The original Tent City and Tent City 2, both created in the late 1990s, were created illegally and opposed by the City of Seattle. After being tolerated for some time, they were eventually forced to shut down. In March 2002, as a result of a legal battle, city attorney Tom Carr and SHARE/WHEEL attorney Ted Hunter signed a court ordered consent decree with SHARE, allowing Tent City only on private land (by invitation) and setting standards for its operation.
Based on the consent decree Tent City 3 was created and rotates around the Metro Seattle Core. Tent City 4 was created in May 2004 as an attempt to expand beyond the consent decree and use public land and resources, something the consent decree does not allow. This attempt was unsuccessful and Tent City 4 has since been relocated to eastern King County where it is church sponsored. Tent City rules do not allow drug or alcohol use, and evicts anyone caught stealing or committing other crimes within the camp. Stays for Tent City 3 have been around 3 weeks on average while Tent City 4 has had stays as long as 100 days. Cities have been adopting code amendments that limit stays to 60-90 days.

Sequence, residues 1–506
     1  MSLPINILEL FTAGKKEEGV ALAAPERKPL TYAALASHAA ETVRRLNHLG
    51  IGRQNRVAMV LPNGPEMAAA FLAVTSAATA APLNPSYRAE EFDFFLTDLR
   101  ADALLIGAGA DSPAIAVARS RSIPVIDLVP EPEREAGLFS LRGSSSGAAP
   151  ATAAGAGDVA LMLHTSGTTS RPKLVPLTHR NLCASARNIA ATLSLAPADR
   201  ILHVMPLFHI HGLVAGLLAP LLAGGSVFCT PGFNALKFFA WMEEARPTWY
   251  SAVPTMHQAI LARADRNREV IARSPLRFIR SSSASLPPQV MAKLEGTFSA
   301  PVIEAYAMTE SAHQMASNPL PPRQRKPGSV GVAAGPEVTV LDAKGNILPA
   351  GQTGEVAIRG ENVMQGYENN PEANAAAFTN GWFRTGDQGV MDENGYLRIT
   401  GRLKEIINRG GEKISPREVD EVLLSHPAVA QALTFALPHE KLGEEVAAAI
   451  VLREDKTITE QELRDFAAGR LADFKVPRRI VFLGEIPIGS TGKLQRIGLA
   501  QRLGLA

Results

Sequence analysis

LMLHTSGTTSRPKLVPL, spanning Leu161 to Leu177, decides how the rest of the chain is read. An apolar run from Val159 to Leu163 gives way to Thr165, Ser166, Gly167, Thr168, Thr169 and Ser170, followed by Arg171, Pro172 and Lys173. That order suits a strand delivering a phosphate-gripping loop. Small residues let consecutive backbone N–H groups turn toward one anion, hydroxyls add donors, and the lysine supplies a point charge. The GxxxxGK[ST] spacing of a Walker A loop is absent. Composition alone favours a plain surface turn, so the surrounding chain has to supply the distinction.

Tent City 4 (TC4) is a homeless encampment of up to 100 people created in May 2004 in eastern King County outside of Seattle. Residents are adult men and women, although there is a provision for quartering minor dependents in emergency situations. Residents may have their own tents or single men or women may stay in gender specific community tents. Dumpsters and portable toilets are provided by SHARE and there is a portable shower. The community currently relocates every three to four months on the property of Eastern King County churches upon invitation. Proponents state that the average length of residency per inhabitant is six weeks, with fewer long-term than short-term members.
Opponents challenge this claim citing SHARE'S testimony to King County and City of Seattle elected officials that they do not keep any data on residents in order to protect their privacy. While the percentage varies based on the occupants, many of the residents work part or full time for area businesses as day laborers or permanent employees. Tent City 4 governance consists of an Advisor similar to an executive, and a rotating Executive Committee elected by the community in a one person, one vote structure.